2:49 AM - [Link] - Comments ()
New book to be published next month reveals France refused Picasso citizenship on the grounds he was an "anarchist with Communist sympathies"
Now that's a nice trick -- being an anarchist and a Communist.
Not a bad painter either.
1:21 AM - [Link] - Comments ()
Big week for astronomy
On top of the reverse-shadow eclipse this coming Saturday, there were 2 X-3 class solar flares over the weekend (one of which generated a geo-storm which will hit soon), 2 comets got eaten by the sun and a sunspot the width of 6 Earths formed.
SpaceWeather has animation of the latter two events.
1:04 AM - [Link] - Comments ()
Tuesday, May 27, 2003
Canada's schizoid attitude toward pot
At least among politicians.
2:45 AM - [Link] - Comments ()
Monday, May 26, 2003
Christian tithing down 62a> in the last year [Undernews]
9:08 PM - [Link] - Comments ()
Despite the rise of Hindu fundamentalism and laws providing up to a 5 year sentence for adultery, sex and sensuality are making a big comeback in India
Economic good times and email -- and a new assertiveness by women -- have something to do with it.
The real source of the massive urge for sexual exploration that Indians, particularly women, have developed suddenly is as mysterious as the reasons for the rise and all of civilizations. But one thing has come out clearly in the survey. New technology is an important factor encouraging the phenomenon. Internet and mushrooming cyber cafes have helped, as have mobile phones and SMS (short message service) facilities. Women and men have suddenly heard from old flames, childhood friends, former classmates, whom they may have fancied once, dates have been fixed, and one thing has led to another. In most cases straight, unembarrassed initiatives have come from women, as men twiddled their fingers thinking of creative ways of broaching the subject.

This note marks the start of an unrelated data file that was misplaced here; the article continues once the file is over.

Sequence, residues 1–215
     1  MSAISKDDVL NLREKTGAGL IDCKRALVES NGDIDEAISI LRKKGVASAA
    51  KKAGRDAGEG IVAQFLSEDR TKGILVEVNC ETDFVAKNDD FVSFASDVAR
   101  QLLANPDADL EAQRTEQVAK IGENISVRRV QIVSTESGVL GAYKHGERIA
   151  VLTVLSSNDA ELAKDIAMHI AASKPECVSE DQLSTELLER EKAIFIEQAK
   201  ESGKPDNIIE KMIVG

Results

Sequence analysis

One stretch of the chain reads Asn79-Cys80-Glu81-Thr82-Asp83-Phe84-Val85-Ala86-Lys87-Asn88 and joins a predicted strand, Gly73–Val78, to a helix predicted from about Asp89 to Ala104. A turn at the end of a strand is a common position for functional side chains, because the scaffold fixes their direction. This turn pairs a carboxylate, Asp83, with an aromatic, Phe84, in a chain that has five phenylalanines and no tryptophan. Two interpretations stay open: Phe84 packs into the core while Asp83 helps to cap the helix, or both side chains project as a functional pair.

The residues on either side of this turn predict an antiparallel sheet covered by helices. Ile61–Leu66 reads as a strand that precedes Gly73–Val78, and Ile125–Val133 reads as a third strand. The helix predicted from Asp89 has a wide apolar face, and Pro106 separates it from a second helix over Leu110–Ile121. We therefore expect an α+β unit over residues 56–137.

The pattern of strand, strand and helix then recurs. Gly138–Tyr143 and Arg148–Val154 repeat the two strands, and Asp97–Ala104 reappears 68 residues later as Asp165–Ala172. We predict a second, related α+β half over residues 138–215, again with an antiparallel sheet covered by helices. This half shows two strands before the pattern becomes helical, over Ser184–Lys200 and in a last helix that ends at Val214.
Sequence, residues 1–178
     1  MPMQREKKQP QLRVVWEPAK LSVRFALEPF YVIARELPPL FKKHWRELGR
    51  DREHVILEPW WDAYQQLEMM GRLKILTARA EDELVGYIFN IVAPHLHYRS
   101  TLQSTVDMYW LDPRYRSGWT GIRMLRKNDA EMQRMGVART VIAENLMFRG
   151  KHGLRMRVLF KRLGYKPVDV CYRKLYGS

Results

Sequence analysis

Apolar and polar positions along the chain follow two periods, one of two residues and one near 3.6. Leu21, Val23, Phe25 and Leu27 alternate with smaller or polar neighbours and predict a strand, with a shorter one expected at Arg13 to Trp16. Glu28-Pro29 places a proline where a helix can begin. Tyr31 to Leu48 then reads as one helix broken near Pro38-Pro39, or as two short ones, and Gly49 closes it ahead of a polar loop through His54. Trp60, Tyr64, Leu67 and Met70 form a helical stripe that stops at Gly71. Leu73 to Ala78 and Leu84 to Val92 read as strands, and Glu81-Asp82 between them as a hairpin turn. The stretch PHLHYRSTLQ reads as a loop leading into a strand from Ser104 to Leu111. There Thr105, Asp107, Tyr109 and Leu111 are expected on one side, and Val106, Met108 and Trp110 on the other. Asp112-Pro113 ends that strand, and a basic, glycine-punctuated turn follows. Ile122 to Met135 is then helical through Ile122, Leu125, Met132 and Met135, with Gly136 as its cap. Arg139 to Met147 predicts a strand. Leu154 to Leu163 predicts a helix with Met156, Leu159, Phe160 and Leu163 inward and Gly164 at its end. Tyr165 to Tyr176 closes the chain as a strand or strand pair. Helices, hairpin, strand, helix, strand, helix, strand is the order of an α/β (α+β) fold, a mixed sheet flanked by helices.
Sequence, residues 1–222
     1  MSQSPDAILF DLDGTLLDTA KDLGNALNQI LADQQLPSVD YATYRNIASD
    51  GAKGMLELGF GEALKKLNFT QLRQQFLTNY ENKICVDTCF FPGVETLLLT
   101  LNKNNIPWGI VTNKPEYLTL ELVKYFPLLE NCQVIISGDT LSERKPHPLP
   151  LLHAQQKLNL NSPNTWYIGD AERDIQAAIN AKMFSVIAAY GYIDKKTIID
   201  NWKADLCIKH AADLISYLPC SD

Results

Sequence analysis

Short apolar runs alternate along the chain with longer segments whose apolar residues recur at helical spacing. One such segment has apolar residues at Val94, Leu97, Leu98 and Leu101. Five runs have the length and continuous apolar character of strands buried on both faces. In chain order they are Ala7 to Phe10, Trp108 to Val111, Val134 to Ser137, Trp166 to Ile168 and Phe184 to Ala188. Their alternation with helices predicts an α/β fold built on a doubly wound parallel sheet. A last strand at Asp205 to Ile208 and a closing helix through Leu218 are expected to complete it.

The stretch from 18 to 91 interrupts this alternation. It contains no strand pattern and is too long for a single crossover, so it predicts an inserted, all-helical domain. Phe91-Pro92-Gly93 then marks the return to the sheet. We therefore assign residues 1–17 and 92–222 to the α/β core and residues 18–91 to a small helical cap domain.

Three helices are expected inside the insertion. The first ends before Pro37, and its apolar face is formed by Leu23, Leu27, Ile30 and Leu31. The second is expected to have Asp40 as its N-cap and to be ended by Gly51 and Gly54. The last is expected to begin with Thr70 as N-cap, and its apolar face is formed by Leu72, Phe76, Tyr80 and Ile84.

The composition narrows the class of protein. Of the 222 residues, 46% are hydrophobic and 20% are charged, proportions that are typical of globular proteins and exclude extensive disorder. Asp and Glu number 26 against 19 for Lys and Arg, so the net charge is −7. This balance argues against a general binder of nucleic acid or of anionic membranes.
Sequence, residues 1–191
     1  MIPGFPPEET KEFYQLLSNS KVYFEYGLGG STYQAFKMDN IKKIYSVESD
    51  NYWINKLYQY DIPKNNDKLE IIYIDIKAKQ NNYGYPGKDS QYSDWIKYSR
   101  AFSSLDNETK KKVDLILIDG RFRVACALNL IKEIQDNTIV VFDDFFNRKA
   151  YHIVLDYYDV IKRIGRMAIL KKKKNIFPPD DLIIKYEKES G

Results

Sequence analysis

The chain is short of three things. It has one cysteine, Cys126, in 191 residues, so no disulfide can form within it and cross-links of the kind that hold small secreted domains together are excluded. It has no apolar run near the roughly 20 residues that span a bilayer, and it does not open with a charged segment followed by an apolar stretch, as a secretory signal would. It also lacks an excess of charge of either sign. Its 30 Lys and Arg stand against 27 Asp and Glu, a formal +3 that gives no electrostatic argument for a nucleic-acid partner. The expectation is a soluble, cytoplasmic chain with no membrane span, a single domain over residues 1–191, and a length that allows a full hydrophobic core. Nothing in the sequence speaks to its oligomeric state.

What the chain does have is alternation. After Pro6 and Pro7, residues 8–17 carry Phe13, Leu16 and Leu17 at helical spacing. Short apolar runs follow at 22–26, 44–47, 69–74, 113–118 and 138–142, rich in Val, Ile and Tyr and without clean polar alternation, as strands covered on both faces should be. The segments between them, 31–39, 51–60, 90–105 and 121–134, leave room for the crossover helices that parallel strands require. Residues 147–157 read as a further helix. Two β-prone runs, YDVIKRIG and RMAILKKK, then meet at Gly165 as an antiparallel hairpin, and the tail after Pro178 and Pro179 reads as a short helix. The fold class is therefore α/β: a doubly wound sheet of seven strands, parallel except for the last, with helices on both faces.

Wife swapping, relatively unknown in India until recently, has made an appearance. Adventurous couples are advertising in newspapers their desire to meet like-minded people for wife and husband swapping.
11:39 AM - [Link] - Comments ()
Sunday, May 25, 2003
Good little interview with David Thomson (see The New Biographical Dictionary of Film link in left column)
Pop Matters: What is the value, to you, and to a culture, of literacy?
David Thomson: I think it's just vital. I think it's a scandal that, 100 years after the dawn of film and at a time when we know statistically how much time children spend watching moving imagery, that the educational system doesn't take on filmic literacy. For instance, classes could ask what is a cut and what does it do, as they ask what is a sentence and what does it do. Yes, literacy has declined. And you've got children who are terribly vulnerable to what they see on the screen. I think the school should spend much more time examining how we think we know. How do we think we understand? I think those are huge issues.
I'm very interested in film as an influence on behavior, in how films affect the way people regard love and truth and violence. It's something I've been trying to explore for a long time: the degree to which films have been making a dream landscape for all of us. The degree to which many people walk around today in life as if they half hope they're being photographed. Everyone is a little bit of an actor nowadays. The people as a whole have turned into ghosts that are imitating people in films. Nobody in this country has any politics anymore, and I think it's connected. We've given up the responsibility of being ourselves. Generally, I think film is much too complicated to be just worshipped. I find that very disturbing.
3:24 AM - [Link] - Comments ()
ex-lion tamer on art (particularly 70s punk & co.) and edgesex
malcolm mclaren, svengali to the sex pistols, operated a bondage wear shop in london called sex, one of the first storefronts to offer latex wear by the light of day instead of by brown paper mailorder, and what's more to offer it as a replacement for/radical statement on high fashion. this was the environment in which the pistols were germinated.
similarly, the new york dolls, arguably the catalysts for late 70's new york punk, were as much a part of the drag performance scene as they were rock musicians. wendy o. williams of the plasmatics was an actress in porn films and made that aesthetic an integral part of her work. lydia lunch, the san francisco punk prophetess, shock performance artist and goth queen, destroyed the boundary between north beach smut purveyor and high-theater mainstay. throbbing gristle was born out of some very dodgy performance art bordering on live action pornography. many punk musicians who later became famous made their skag money as twinks for high society perverts.
3:11 AM - [Link] - Comments ()